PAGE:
Richard, what do you make of this amazing -- we saw this coming. It`s been coming for a long time. But here we are breaking, in the Pottery Barn, we are breaking something that we will now have to fix.

RICHARD ENGEL, NBC CHIEF FOREIGN CORRESPONDENT: Well, sometimes, news can be both anticipated and shocking at the same time.

And I think that`s what happened now. People that I have been speaking to think that there were several consequences that are going to come from this. It decreases trust in U.S. commitments. It emboldens the hard- liners in Iran. It makes conflict in the region more likely, and it surrenders the moral high ground to Iran, none of those positive outcomes.

MATTHEWS: Do you think it`s possible that they will resume their nuclear program?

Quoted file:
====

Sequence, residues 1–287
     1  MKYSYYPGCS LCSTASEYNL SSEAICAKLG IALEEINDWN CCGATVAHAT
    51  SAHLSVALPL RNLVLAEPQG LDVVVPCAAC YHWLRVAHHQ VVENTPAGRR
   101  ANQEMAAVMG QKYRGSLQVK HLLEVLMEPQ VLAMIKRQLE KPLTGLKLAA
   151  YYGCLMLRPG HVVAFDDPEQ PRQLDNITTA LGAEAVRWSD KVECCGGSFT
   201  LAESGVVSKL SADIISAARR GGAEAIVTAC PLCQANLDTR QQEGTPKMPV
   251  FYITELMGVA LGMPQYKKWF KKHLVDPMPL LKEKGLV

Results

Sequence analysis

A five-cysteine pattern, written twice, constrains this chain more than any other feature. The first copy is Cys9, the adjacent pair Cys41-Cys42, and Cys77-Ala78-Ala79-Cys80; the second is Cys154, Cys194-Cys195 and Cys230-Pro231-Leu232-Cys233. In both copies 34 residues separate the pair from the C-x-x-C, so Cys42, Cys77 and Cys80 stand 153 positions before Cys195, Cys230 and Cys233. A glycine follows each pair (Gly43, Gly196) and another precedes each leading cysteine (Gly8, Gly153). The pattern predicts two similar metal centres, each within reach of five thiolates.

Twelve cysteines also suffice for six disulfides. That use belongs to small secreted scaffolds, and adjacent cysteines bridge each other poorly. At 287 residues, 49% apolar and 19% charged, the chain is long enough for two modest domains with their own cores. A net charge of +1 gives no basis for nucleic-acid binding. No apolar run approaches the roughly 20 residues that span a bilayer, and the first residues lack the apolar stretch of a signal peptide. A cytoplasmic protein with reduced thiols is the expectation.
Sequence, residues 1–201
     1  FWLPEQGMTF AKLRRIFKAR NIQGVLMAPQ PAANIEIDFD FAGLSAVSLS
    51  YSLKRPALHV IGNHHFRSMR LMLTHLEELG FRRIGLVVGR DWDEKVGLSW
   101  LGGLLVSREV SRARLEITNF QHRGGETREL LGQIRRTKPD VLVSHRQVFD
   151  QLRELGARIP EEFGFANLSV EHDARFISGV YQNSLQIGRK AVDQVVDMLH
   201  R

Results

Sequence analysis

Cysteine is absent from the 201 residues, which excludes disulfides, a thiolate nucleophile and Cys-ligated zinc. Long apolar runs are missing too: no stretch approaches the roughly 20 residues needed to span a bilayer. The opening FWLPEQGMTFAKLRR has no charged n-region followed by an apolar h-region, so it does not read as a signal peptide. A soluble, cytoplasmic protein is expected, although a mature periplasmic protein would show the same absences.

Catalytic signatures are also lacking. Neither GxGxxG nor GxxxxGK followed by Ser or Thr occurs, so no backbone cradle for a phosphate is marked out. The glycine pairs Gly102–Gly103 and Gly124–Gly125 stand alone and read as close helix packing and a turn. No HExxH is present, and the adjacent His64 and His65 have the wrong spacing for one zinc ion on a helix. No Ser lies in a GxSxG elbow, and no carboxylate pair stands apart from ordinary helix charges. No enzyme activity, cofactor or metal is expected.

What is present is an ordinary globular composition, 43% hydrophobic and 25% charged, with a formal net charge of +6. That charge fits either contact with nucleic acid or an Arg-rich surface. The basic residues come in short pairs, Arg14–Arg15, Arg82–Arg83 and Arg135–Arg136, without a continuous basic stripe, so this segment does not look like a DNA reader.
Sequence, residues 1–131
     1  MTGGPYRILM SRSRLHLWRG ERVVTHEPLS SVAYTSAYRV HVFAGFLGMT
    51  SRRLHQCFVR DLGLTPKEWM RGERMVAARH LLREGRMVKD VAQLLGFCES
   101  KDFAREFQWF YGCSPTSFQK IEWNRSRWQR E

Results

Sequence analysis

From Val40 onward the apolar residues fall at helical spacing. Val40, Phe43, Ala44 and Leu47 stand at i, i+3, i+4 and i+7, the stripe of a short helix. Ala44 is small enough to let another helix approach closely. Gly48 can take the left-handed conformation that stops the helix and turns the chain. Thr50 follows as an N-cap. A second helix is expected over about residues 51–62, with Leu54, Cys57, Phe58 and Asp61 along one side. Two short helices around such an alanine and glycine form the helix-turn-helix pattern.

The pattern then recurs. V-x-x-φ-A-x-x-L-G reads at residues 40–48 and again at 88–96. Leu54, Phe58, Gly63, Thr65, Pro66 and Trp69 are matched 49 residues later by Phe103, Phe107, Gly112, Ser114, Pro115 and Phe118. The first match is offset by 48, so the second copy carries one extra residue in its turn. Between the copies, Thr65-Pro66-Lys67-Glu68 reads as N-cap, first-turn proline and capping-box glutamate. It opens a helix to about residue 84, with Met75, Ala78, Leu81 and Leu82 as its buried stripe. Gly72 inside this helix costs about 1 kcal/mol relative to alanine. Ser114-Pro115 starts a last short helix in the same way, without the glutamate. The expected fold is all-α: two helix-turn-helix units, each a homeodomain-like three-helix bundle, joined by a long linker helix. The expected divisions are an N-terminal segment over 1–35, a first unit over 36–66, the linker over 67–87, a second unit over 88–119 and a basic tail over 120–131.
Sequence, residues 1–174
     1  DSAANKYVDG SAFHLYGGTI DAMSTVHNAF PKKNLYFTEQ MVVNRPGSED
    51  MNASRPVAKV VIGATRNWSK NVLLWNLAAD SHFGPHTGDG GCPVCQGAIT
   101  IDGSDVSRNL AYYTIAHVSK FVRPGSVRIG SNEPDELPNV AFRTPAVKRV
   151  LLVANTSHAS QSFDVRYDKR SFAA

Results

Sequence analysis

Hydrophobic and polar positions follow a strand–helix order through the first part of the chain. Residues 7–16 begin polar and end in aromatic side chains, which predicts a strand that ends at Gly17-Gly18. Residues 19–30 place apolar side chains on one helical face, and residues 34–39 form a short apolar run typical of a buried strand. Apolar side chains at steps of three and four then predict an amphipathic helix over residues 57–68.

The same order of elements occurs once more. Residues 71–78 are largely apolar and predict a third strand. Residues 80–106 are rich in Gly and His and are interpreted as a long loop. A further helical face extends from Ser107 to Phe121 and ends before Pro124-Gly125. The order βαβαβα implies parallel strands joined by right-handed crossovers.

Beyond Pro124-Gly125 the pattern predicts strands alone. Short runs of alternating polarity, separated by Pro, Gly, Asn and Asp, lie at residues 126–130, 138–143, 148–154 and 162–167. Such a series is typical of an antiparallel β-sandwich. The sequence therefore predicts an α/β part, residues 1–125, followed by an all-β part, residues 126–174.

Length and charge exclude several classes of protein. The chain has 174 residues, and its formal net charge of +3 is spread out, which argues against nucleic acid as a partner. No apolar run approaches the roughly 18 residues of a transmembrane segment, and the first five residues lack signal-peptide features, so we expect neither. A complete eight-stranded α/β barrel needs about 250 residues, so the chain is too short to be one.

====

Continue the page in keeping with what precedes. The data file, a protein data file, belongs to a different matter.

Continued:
ENGEL: It`s possible.

I wouldn`t say that that`s going to be their first reaction. If you heard Rouhani today, the president of Iran, who was standing by at the podium, he was ready to go with a statement -- the Trump speech was broadcast live in Iran, even though it was almost midnight, and then it switched right into Rouhani`s statement.

He said that Iran is going to stick with the deal, that it was 5 -- P5- plus-one deal, meaning the permanent members of the U.N. Security Council, plus one, plus Germany. He said, now it`s just five. But we are going to stick with the deal. And we`re going to keep ahead and our economy is strong.

And then he added this threat. But if there is no benefit for Iran -- and the deal effectively collapses entirely -- then we could restart our industrial nuclear program, as he called it.

But I think that was really a sign to the hard-liners, because he now faces a serious problem within the country. There are many people in Iran who told him and told the people, never trust the U.S., don`t do a deal with the United States, they`re never going to commit to this deal. They will never honor it.